Our Resigility team had many opportunities in 2020 to demonstrate our company name, a combination of “resilience” and “agility.” We also had the good fortune of helping our clients use these core attributes to quickly adapt and overcome challenges, especially those resulting from the pandemic. That’s why I wanted to start the new year by reinforcing our ongoing commitment to improving the resilience and agility of corporations, government agencies, communities and beyond, since these key capabilities are more important than ever.  

 

Going remote

Last July, I highlighted how Resigility was better prepared for remote work because our team frequently worked from home before the pandemic hit. Using our teleworking experience and best practices, we supported the 16,000 employees of a federal public health agency to make a smooth, seamless transition from its headquarters to a virtual environment.

By collaborating with this agency’s chief information officer and team, we rapidly created innovative models for employees to sustain operations, continue delivering vital services and information to the public and other stakeholders, and fulfill its critical role in addressing the coronavirus. Like many organizations, this agency faced two initial hurdles to enabling remote work and continuity of operations:

  • Equipping employees with laptops, mobile phones and secure internet connectivity to work from any location, on any device.
  • Rapidly delivering the necessary hardware to existing and new employees while following social distancing and other government guidelines.

 

Demonstrating resilience and agility

In just a matter of days, this agency demonstrated impressive resilience and agility to complete its transition to telework. We were honored to support this effort by:

  • Recommending a safe and convenient employee drive-through process to deploy and track over 2,000 pieces of computing and support equipment.
  • Identifying and tracking operational metrics three times a day to ensure continuity of operations.
  • Assessing the high-speed internet connectivity needed for employees to work from home, then filling the gaps with “MiFi” mobile hotspot devices.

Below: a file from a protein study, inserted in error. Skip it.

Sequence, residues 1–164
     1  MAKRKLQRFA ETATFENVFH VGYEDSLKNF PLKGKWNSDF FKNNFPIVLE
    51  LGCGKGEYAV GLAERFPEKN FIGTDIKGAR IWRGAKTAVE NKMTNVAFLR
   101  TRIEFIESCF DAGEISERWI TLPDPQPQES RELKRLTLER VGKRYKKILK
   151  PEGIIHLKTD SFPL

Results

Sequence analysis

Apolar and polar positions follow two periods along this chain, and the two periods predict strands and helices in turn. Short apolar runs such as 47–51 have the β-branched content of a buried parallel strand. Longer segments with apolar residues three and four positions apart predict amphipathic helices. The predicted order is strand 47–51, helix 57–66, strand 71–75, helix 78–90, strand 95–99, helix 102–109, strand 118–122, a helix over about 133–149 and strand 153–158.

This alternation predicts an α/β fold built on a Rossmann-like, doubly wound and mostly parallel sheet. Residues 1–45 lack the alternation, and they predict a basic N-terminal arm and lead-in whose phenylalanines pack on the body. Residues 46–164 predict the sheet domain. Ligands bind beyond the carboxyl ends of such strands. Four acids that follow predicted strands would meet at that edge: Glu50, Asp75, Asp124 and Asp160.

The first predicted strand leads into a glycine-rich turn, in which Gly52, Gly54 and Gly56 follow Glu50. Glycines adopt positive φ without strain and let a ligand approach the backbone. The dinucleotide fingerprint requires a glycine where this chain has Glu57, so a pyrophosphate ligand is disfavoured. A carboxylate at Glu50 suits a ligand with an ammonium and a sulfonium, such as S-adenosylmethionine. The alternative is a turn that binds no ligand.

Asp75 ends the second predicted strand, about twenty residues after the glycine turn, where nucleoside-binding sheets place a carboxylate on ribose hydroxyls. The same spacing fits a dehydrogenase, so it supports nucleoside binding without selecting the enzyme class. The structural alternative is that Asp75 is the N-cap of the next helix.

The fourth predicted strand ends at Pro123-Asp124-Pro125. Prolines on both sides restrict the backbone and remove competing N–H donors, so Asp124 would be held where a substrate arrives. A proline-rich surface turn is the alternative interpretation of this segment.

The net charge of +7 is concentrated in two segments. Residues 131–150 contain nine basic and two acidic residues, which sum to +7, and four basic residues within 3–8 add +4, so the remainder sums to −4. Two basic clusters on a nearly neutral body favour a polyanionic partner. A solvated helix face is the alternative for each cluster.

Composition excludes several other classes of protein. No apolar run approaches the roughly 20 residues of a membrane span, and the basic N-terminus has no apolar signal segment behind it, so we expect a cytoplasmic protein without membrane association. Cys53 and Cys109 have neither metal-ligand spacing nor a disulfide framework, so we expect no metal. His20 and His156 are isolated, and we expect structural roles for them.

• Partnering on developing a new operating model and processes for the agency to maintain outstanding customer service while supporting employees working remotely as well as the few essential workers remaining on-site.
  • Collaborating on employee how-to guides for digital tools and internal websites aligned to the telework environment, encouraging broader use of collaboration and productivity solutions like Microsoft Teams, and implementing dashboards for agency leaders to gain insights from data to make more informed decisions.

In addition to overcoming the logistics of remote work, our Resigility team developed new approaches for the agency to retain human connections. For example, with all agency meetings and collaboration moved online, we helped perpetuate a sense of community by:

  • Establishing a Teams channel as a virtual water cooler to share tips for teleworking as well as exchange jokes, recipes and chats.
  • Crafting and coordinating twice weekly email communications from the CIO to offer encouraging words and her own shared experiences.
  • Suggesting a Halloween theme for the monthly all-hands October meeting, providing leadership a way to inject some fun.

A positive outcome of this experience are some great learnings that the agency can apply to future challenges.

 

Focusing on health equity

Another example of resilience and agility comes from a client dedicated to improving the quality of health care. This national organization is pivoting its focus to address how race impacts health outcomes – a concern that came to greater light during the pandemic. With this new area of emphasis on health equity, we’re partnering with our client to:

  • Investigate and research how employers are responding to the issue of health inequality.
  • Illuminate the issue of health disparities to employers of all sizes.
  • Identify ways employers can address health inequalities in their own employee populations.

We look forward to sharing additional details about this innovative project soon.

 

Building resilience and agility

While our team has learned many lessons over the past year, we have distilled our primary tips for building resilience and agility to:

  • Relying on teamwork: With Resigility working fast and furious to help our clients respond to pandemic adversities, teamwork became all-important to getting things done fast. There was no pride of ownership, no “that’s my area” – everyone just pitched in as a team.
  • Going with the flow: Sean Bailey, who joined Resigility as the coronavirus was accelerating, found being open-minded, recognizing that not everything will proceed as planned and going with the flow were important to avoid frustration and pivot to emerging needs.
  • Embracing perseverance: Matt Ferguson captured this best, saying: “Much of our work last year was less than ideal for a myriad of reasons – timeframe, duration and even the support activity itself. Yet, on a daily basis, we persevered, and that led to success for our customers and Resigility.”
  • Keep communicating: I can’t overstate the importance of talking, listening and keeping everyone up to date. Through our work with the federal health agency, we saw first-hand how daily meetings were essential to open communication.

 

Learn more

Our Resigility team hopes you’ll learn more about how to develop your personal, professional and organizational resilience and agility by bookmarking our website, following our news here or through LinkedIn, or connecting with me on LinkedIn. Here’s to a great 2021!

 

Karen Marlo, President, Resigility